[S]ynthetic biology] is poised to change how we feed ourselves, clothe ourselves, fuel ourselves—and possibly even change our very selves. While scientists have for decades been able to practice basic genetic engineering—knocking out a gene or moving one between species—and more recently have learned to rapidly read and sequence genes, now researchers can edit genomes and even write entirely original DNA. That gives scientists incredible control over the fundamental code that drives all life on Earth, from the most basic bacterium to, well, us.
The dawn of the Synthetic Age is not just the province of scientist-dreamers …. A 2016 Transparency Market Research report predicted that the synthetic biology market would grow from $1.8 billion in 2012 to $13.4 billion by 2019.
The true benefits—and consequences—of synthetic biology will come as scientists move from mimicking nature in the lab to redesigning it.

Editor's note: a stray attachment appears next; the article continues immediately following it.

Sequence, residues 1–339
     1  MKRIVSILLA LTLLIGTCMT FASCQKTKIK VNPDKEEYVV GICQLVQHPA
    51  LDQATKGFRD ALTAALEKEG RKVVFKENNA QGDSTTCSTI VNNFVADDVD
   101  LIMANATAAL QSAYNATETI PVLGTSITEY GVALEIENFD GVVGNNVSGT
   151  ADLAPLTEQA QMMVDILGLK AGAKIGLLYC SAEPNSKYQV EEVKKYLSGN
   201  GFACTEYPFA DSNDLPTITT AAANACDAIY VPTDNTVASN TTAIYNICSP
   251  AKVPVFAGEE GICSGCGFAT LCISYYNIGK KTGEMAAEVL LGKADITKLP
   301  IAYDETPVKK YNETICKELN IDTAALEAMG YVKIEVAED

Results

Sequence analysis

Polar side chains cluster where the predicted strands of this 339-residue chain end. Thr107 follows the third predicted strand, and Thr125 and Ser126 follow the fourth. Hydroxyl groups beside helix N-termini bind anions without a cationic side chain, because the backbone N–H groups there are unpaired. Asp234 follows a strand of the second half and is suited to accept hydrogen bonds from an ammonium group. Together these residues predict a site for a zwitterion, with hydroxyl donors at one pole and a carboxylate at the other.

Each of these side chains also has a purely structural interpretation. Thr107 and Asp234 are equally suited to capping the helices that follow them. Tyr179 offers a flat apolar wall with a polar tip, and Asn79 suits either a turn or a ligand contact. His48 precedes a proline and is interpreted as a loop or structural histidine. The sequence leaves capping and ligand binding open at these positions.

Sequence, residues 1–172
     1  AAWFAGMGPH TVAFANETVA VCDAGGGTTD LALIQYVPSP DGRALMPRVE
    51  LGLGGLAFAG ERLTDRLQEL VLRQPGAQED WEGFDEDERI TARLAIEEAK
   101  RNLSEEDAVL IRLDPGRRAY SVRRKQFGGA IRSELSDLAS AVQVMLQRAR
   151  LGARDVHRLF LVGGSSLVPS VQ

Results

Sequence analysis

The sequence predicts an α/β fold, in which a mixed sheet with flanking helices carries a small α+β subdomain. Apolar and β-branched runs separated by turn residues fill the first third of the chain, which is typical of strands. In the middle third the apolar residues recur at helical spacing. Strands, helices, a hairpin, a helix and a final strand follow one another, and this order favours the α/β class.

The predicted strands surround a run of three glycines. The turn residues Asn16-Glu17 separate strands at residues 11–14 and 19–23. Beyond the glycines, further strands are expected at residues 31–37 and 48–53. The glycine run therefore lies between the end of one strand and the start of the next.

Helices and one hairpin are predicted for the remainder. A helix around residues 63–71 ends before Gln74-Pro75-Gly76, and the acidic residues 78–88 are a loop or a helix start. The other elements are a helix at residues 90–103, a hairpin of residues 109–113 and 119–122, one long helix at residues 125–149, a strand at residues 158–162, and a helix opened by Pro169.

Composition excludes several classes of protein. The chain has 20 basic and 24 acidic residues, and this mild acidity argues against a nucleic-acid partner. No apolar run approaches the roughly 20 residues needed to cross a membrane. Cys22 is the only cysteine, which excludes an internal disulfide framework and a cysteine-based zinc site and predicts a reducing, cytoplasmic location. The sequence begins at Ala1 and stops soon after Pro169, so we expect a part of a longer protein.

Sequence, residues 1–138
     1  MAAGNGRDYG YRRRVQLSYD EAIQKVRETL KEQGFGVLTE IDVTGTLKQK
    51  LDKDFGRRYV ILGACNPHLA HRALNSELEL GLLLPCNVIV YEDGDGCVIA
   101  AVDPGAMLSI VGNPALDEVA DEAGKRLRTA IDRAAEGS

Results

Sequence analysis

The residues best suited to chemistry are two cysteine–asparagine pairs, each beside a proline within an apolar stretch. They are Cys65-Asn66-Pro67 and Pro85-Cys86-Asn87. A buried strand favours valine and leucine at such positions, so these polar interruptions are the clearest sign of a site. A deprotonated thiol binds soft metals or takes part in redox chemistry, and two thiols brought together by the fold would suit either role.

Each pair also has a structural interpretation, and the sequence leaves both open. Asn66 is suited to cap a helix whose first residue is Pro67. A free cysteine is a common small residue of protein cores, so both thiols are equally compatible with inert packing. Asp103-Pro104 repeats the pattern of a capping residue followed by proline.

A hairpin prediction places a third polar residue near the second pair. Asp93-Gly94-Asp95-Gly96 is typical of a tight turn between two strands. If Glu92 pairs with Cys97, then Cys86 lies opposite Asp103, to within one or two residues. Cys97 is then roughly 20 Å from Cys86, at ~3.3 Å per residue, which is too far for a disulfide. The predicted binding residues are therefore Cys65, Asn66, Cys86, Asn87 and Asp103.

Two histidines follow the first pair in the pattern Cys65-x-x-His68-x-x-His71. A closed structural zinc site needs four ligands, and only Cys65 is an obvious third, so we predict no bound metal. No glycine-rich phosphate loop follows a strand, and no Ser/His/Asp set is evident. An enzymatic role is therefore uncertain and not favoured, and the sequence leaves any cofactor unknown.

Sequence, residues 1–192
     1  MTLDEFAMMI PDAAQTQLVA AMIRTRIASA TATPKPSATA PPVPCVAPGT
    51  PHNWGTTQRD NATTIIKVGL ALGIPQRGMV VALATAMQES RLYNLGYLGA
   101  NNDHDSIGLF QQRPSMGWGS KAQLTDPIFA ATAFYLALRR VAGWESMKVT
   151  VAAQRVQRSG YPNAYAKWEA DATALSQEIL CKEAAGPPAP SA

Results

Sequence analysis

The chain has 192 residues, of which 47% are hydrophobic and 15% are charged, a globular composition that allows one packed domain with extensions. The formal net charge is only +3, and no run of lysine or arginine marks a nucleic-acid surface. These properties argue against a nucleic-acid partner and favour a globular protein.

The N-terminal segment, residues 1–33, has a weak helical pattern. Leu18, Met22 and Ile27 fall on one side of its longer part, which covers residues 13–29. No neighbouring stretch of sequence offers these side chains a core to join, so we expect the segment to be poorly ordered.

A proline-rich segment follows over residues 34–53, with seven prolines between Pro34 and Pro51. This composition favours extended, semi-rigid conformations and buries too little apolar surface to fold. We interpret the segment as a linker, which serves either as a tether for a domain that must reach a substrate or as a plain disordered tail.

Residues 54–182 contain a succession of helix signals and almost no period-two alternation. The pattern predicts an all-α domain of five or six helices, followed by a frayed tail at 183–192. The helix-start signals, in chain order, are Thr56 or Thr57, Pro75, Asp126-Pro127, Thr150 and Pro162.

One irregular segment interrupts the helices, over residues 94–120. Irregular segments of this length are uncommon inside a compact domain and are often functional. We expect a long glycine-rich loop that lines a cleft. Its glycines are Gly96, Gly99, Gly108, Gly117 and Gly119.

We can use that control to harness nature to our own ends and do so in a way that will help solve some of our most pressing sustainability challenges. Cells could be engineered to make meat in a lab, eliminating the need for environmentally intensive and often cruel factory farms. Bacteria could be manipulated to secrete oil, providing a truly renewable source of liquid fuel. Yeast could be designed to produce artemisinin, a vital antimalarial drug that in its natural form must be made from limited supplies of the sweet wormwood plant—which, as it happens, is already being done.
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